The Autobahn: Germany’s Playground
01st September 2015
Let's face it, when you're looking for a nice summer holiday location, Germany would probably not be your idea of a great holiday destination. The weather is not great, the food is lousy, the beer sucks and the people… well let's just say they aren't the friendliest in the west. The odd occasion when you do meet an English speaking traveller, there would be two reasons for him/her for visiting Germany, and both of them have to do with speed. The first is the Nürburgring, a race track that some say is possibly the most treacherous in the world, testing both car and driver to their absolute limit. The second is the Autobahn: Germany's own playground.
The Autobahn is a driver's paradise. The no-speed limit roads are as flat as a pan and as straight as an arrow, letting ordinary drivers test their race mode skills. But to understand the Autobahn a bit better one has to briefly delve into its history. Ever since its introduction in the 1920s, when Germany woke up to the realisation that motorways advocate the idea of administration, commerce and industry. The Autobahn was born as a symbol towards a more progressive lifestyle, where car could get up to top speed – unobstructed by horse-drawn vehicles, children playing on the roads and dusty gravel surfaces. Over the year the Autobahn has grown considerably, connecting more and more cities and towns in Germany.
In Germany most things have an eerie organised nature about them, and the roads are no different. Although there is plenty of fun to be had, the possibility of returning home aggravated with a glove compartment full of traffic violations is also quite real. So in-order for you to have a memorable drivers experience we have listed a few tips that you should consider before you go road tripping in Germany.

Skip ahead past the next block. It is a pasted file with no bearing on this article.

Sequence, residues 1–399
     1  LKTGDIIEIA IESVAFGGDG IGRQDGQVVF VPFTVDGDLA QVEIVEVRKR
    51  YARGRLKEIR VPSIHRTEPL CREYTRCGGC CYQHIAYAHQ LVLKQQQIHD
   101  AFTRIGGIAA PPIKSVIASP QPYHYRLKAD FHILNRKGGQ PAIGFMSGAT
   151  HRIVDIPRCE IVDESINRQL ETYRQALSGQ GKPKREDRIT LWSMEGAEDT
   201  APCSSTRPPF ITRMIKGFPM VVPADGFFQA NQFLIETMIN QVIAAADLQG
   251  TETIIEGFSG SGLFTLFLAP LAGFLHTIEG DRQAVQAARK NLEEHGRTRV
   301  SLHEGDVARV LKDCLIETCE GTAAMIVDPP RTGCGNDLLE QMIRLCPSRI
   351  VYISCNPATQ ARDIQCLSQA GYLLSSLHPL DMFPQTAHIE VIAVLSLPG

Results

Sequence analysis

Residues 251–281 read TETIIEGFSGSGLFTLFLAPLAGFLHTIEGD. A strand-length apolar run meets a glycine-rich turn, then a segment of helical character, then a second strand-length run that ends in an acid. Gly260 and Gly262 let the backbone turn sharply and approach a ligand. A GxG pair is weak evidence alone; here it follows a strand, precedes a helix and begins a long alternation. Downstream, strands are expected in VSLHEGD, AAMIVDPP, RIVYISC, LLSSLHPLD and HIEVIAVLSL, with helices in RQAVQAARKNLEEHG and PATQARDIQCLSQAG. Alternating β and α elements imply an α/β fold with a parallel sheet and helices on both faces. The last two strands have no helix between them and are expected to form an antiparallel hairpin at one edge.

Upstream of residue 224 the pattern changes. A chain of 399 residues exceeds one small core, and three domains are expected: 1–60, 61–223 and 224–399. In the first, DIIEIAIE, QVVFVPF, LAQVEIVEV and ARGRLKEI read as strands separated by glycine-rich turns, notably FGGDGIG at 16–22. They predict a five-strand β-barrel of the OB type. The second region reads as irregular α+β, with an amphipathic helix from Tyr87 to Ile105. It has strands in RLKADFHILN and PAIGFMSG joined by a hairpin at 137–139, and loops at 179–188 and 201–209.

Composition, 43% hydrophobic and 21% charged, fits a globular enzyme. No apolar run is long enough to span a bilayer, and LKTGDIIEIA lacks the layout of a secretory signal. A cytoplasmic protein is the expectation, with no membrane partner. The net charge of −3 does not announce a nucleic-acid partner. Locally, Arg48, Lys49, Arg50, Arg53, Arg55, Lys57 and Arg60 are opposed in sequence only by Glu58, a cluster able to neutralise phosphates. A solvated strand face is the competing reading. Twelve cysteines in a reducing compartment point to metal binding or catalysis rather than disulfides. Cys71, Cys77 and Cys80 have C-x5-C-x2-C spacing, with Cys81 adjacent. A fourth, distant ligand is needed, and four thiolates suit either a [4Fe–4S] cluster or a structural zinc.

- Beware of the speed limit: No not the maximum speed limit, but the Autobahn has a minimum speed limit that all vehicles must comply with to be legally fit. For historical reasons the lower speed limit is set to 60 km/h, and although you are allowed to drive this slow, you'd be suicidal for trying. Most cars travel at about 200 km/h, so your best bet would be to have at least a BMW 3 series or even a VW Passat, which would help you really enjoy the roads.
- In Germany faster is better: Most German cars are limited to 250 km/h mainly due to cost reasons, so picking up a German car would be ideal. A very common rental car is the Porsche 911 which is a fun car to drive. The Porsche doesn't have to contend with the annoying limiter, so with that out of the way you can really enjoy the German roads to their limit.
- Once you have shortlisted your car it is extremely important to not tinker with it. Long stretches of high speed travel put a lot of strain on mechanical moving parts. Take tyres as an example, after continuous use tyres can get extremely hot and stretched and may eventually lead to the tyre bursting, which won't end well at 200 km/p. There is a reason why German cars are well known for their reliability; and its best to take their word for it.
- Trust a German: If tinkering is what you live for, then make sure you take it to a German authorised garage to do the tinkering for you. Take AMG for instance, they will remove all the limiters for you but at the same time upgrade your suspension and a host of other parts to ensure that your car is 100% safe at high speeds. Germans are absolute sticklers when it comes to quality and reliability and spend a lot of money and time making sure of that. So aftermarket exhaust system or low profile tyres may look good, but are just not going to cut it.
- Fill up quickly: With the car being constantly red-lined to its rpm limit, you will burn a lot of fuel in the process. For the sake of comparative analysis, a car that gives you a fuel economy of 10 km/l running under normal driving conditions will probably give you about 2-3 km/l on the Autobahn. What you absolutely don't want is your car to run out of fuel in the middle of the motorway. Fill her up as soon as the fuel warning light comes on. If you don't have a fuel station close by, drive economically till you find the next station.
The Autobahn will offer you an on-road experience unlike any you've had before. With German cars known for their quality craftsmanship, the Autobahn completes this ultimate driving equation and is a testament for great German engineering. And with on-road amenities and the beautiful German countryside flying past you, the Autobahn experience is literally life in the fast lane.
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